I scanned through the other comments, and don’t think anyone has mentioned this yet — how about getting him one of the ripstop nylon ones that fold up into a teeny bag and have a clip to put them on your keychain? (Solves the dude problem of no purse in which one could carry reuseable bags.) Here’s a Chico version on Amazon: Obviously, he couldn’t clip 20 of these to his keychain. But he could add one, and it would be there for small trips. For larger stock-ups (ie, groceries), keeping a sack of canvas bags in the car… Read more »

My favourite reusable bags are the assortment of cloth ones I’ve bougth at thrift stores. I like that they’re inexpensive and that they go through the wash easily.

I keep a large canvas bag I bought in 1984 on the door knob. Inside, one of those reusable bottle bags, which is handy for a whole lot more than wine. At the checkout line, I put all my glass-jar items in that bag. Great for protecting bananas too, when you have only one or two glass jars. On the way to the store, it holds all my reusable cloth produce bags and extra Chico bags. Btw, one cool thing your dad might appreciate about the reusable produce bags is that they come with the tare printed on the sewn-in… Read more »

I have a couple of the fold-up kind that I keep in my purse, but they both have clippy-things attached to them that I suppose someone could use to attach to a set of keys or something. Unfortunately I have no idea what brand they are, since they were a present. My mother-in-law found them at one of those Scholastic book fairs at the school where she teaches and got them for me.

Although I’ve purchased a set of nylon bags from Reusable Bags, I’ve got all kinds, many of which I’ve received from donations to wildlife organizations. One caveat for the older shopper. Most packers I’ve met tend to fill the bags to the brim. Since I am in my seventies, I have difficulty carrying such heavy bags. If you buy him large canvas bags, unless he is still quite strong, he may need to remind the packers not to fill one bag up with all the heavy items.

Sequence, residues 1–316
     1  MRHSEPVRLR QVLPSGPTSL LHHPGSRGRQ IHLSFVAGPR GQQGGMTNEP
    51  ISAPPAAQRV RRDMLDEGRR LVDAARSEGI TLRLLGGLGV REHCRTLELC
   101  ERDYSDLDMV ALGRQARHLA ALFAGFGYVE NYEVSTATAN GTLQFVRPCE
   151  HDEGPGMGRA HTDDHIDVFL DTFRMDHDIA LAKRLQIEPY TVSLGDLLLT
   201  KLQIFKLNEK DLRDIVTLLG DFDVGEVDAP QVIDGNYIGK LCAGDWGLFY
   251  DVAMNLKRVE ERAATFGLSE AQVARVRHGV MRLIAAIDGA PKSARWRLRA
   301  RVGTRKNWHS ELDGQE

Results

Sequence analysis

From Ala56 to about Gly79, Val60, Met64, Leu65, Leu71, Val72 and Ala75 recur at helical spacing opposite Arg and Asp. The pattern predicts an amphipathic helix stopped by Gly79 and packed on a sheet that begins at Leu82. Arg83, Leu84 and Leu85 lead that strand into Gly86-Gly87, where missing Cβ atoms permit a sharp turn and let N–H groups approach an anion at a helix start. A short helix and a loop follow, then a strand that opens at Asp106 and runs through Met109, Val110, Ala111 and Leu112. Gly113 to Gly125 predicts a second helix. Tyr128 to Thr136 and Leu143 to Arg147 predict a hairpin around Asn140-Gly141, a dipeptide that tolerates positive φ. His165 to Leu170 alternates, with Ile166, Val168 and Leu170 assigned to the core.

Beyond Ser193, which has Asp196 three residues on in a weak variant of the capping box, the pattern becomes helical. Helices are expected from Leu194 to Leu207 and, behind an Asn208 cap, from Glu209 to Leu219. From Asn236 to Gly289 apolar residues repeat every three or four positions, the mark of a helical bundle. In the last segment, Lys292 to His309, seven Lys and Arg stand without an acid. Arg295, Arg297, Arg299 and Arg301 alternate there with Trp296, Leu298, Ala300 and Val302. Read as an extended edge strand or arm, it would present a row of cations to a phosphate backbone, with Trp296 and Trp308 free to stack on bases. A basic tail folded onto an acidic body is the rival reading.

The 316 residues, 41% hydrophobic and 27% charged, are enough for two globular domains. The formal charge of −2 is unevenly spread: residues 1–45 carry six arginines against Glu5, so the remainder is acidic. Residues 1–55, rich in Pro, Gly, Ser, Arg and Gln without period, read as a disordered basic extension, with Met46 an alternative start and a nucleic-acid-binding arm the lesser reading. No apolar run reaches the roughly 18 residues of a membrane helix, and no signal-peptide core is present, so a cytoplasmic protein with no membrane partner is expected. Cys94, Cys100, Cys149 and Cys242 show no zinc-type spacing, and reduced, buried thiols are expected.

Forgot to add:
Help the cashier by holding open bags for easier loading. Standing there face-to-face smile and make pleasant conversation, if they seem so inclined. It may make someone’s day a little nicer. Loading reusable bags is not as easy for the cashiers as loading plastic bags from their dispensers or paper bags that tend to stand up by themselves and stay open. Switching to reusables needs to have a net positive effect on the interpersonal level, as well, or environmental gains become meaningless.

I employ a lot of the techniques suggested here. I always have bags in the car, and if I forget to bring them with me into the store, I just have the goods loaded into my cart, roll it out to the car and bag the stuff up right there.

I want to suggest visiting consignment and thrift stores for new and nearly new reusable bags, before going out to purchase new ones.

[…] My Plastic-Free Life would like to hear about your top reusable bag choices. […]

No need for 20 bags. One or 2 will do. What’s most important, make loading and unloading purchases easy. How? Get 2 cardboard boxes (one bigger, one a little smaller) that can be nested. Keep them in the trunk. When going shopping, place them in the cart. The bags come handy when there is excess for the boxes. Loading the boxes in the car is a breeze. Same with bringing the purchases in the house. Then place them by the door, so when you go out the door you’ll see them and take them to the car. Also, your dad… Read more »
I go with what’s free. I have a Bullfrog Power bag that I got for free when I signed up, it is STRONG. I also have a Green Party bag that a salesman gave me when he was trying to get me to encourage a bulk order from the party. Again, very strong. But I also use the old bags that I get rice in from the Chinese grocery store. These are uber strong, some of them have zippers. Some are made of plastic, unfortunately, but not disposable. Others are made out of cotton or burlap. One point I should… Read more »
We use Reclamationgoods hemp and cotton bags (made here in Oregon and available from Mirador Community Store in Portland) for bagging veggies, fruit, grains, flour, and any other dry bulk items. These are available in two different sizes and close with a drawstring. We use them for storing produce in the fridge as well. When the produce in them is used up, they go in the wash. We have several larger canvas, cotton, and hemp bags for carrying groceries, including the smaller bags of grains and produce, that we have been collecting from different sources for years – from co-ops… Read more »

I seem to have quite a collection. I am no fan of Walmart but they do have blue shopping cloth bags for 50cents which is the best deal I have seen. I unload my bags then put them right back in the car for the next time. You have to start every checkout with stating no platic bags please. Well meaning clerks insist vegtables, poultry and ice cream have to be wrapped in plastic.

Male reader here. :)